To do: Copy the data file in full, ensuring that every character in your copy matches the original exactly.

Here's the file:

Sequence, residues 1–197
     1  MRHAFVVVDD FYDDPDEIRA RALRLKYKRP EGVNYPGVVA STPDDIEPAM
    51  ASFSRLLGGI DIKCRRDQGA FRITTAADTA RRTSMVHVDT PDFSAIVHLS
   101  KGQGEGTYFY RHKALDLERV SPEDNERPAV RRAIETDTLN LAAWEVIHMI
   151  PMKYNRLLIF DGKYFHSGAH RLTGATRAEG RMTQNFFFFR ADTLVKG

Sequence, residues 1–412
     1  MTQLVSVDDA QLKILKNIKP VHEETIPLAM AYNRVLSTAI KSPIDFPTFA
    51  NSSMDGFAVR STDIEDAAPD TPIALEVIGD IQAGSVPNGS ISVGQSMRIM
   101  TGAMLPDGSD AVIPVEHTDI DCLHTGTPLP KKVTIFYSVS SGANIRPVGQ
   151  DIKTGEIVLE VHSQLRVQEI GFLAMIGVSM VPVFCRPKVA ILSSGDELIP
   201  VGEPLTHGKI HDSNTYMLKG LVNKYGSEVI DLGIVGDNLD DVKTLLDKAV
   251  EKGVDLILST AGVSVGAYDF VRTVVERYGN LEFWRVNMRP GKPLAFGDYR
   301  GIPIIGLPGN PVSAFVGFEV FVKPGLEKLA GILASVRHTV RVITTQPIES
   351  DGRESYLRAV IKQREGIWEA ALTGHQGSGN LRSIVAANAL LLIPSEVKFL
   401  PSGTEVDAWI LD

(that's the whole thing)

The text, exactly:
Sequence, residues 1–197
     1  MRHAFVVVDD FYDDPDEIRA RALRLKYKRP EGVNYPGVVA STPDDIEPAM
    51  ASFSRLLGGI DIKCRRDQGA FRITTAADTA RRTSMVHVDT PDFSAIVHLS
   101  KGQGEGTYFY RHKALDLERV SPEDNERPAV RRAIETDTLN LAAWEVIHMI
   151  PMKYNRLLIF DGKYFHSGAH RLTGATRAEG RMTQNFFFFR ADTLVKG

Sequence, residues 1–412
     1  MTQLVSVDDA QLKILKNIKP VHEETIPLAM AYNRVLSTAI KSPIDFPTFA
    51  NSSMDGFAVR STDIEDAAPD TPIALEVIGD IQAGSVPNGS ISVGQSMRIM
   101  TGAMLPDGSD AVIPVEHTDI DCLHTGTPLP KKVTIFYSVS SGANIRPVGQ
   151  DIKTGEIVLE VHSQLRVQEI GFLAMIGVSM VPVFCRPKVA ILSSGDELIP
   201  VGEPLTHGKI HDSNTYMLKG LVNKYGSEVI DLGIVGDNLD DVKTLLDKAV
   251  EKGVDLILST AGVSVGAYDF VRTVVERYGN LEFWRVNMRP GKPLAFGDYR
   301  GIPIIGLPGN PVSAFVGFEV FVKPGLEKLA GILASVRHTV RVITTQPIES
   351  DGRESYLRAV IKQREGIWEA ALTGHQGSGN LRSIVAANAL LLIPSEVKFL
   401  PSGTEVDAWI LD